From Long Island Catholic:
Zen brings Eastern discipline
to Christian meditation
By Mary Gorry
Manhasset — The room is dark and quiet and the scent of incense hangs in the air. Inside, people are praying. The lighted candle signifies that this is a place of meditation. It feels like a chapel, but it is the zendo at St. Ignatius Retreat House here, one of the places around the diocese where Catholics are coming to practice Zen meditation as a way to enhance their prayer lives.
Zen is the practice of stilling the mind through deep concentration on breathing. The emphasis on the importance of proper breathing in Zen is meant to eliminate every thought but one, focusing only on the breath. Buddhist monks began the practice of Zen more than 1,000 years ago, believing that the best way to reach a state of enlightenment was through meditation.
Vox: So "enlightenment" is the goal now, I take it. Interesting.
Many people are under the initial impression that Zen is a religion. That was the concern of Cathy Wade’s daughter when Ms. Wade, a parishioner of St. Aidan’s Church, Williston Park, expressed interest in learning about Zen.
“That would be like saying the Benedictine way of prayer is a religion,” said Jesuit Father Joseph Costantino, executive director of St. Ignatius Retreat House. “Zen is a discipline adapted from Buddhism. The Buddhists do it the most, but you don’t have to be a Buddhist to do it. You could sit Zen as a Buddhist, you could sit Zen as a Christian, you could sit Zen as a Jew. In fact, I know a Jewish roshi.” A roshi is a Zen master or teacher.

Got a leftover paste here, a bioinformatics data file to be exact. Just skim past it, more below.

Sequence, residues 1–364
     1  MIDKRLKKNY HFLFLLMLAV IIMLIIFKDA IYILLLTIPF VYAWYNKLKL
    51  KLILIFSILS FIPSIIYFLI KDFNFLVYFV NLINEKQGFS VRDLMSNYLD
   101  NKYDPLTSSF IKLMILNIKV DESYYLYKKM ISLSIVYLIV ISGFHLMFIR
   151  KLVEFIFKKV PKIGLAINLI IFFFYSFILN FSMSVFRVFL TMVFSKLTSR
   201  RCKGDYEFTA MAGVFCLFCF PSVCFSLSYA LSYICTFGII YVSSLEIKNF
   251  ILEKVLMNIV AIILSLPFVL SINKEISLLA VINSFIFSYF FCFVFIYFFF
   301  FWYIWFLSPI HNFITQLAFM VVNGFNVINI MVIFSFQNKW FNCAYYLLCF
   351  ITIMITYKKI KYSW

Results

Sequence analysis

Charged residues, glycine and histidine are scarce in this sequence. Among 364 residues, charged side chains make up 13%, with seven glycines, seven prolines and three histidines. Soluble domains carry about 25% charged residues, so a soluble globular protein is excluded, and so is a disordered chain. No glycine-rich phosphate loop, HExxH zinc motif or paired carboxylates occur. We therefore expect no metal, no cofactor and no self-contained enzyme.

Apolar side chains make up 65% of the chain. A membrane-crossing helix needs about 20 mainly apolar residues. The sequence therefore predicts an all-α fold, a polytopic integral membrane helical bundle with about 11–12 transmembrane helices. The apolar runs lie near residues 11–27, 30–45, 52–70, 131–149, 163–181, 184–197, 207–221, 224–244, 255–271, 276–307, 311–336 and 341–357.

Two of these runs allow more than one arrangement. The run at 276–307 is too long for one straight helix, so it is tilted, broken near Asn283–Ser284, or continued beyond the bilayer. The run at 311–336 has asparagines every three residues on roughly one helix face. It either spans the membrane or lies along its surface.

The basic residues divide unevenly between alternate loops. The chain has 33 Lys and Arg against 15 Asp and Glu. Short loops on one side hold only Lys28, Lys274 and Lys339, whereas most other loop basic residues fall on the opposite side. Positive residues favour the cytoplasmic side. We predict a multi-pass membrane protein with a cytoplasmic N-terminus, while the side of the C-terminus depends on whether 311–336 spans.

Zen “is a discipline,” explained Father Costantino. “It’s a prayer practice, a centering prayer. It’s beautiful. It clears the mind. It gives you the framework, the discipline to meditate.”
“It’s an Eastern form of meditation, but it’s been adapted to Christianity,” said Ms. Wade, adding that meditation is not new to Christian prayer. “The rosary can be meditation.”
“Zen is a practical form of Buddhism,” noted Jesuit Father Robert Kennedy, head of the Inisfada Interfaith Zen Center at St. Ignatius and a roshi. “It is an effort at insight, to see more deeply into life. It’s a gentle invitation to sanity.”
At St. Ignatius, there are many opportunities for Catholics to learn about and practice Zen, with several overnight retreats throughout the year and four sessions every week, one session of which is specifically set aside for beginners. The Zen retreats are usually “filled to capacity,”
noted Father Costantino.
Ms. Wade attended her first session for beginners at St. Ignatius last week. “I’ve been interested in (Zen) for a long time,” she noted. “I want to bring peace to my life.”
Try Jesus, dear.
A typical Zen session at St. Ignatius consists of three 25-minute zazen, or sitting meditation periods, interspersed with two five-minute walking meditations. During the session, people are encouraged to meet individually with the roshi to ask questions about Zen, about the roshi, and about themselves.
Father Costantino noted that in a modern world where everyone is so busy and everything is so noisy, Zen meditation is one way of slowing down and focusing on God, no matter what a person’s faith. It also provides an alternative to memorized prayer, he added.
At St. Ignatius, Zen has a bonus benefit in making people aware of the traditions of other faiths, said Father Costantino. People of many religions, or no religious affiliation, come together to practice Zen. “Zen is very much interfaith.”
For Father Kennedy, that is the most important part of practicing Zen as a Catholic. “We are no longer condemning other faiths,” he noted. “We try to see the good in other faiths. Interfaith dialogue should be a part of Catholic life. These people (of other religions) are our brothers and sisters.”
All the other faiths are true now, are they, Father? Or is it that none are true, or all are both true and false? Or that "true" and "false" are ridiculous Western categories that don't reflect anything seen in the englightened mind? If so, why are you talking to us about the goodness of Zen? Does the sound of one hand clapping even remotely resemble the sound of one nail being hammered through a hand?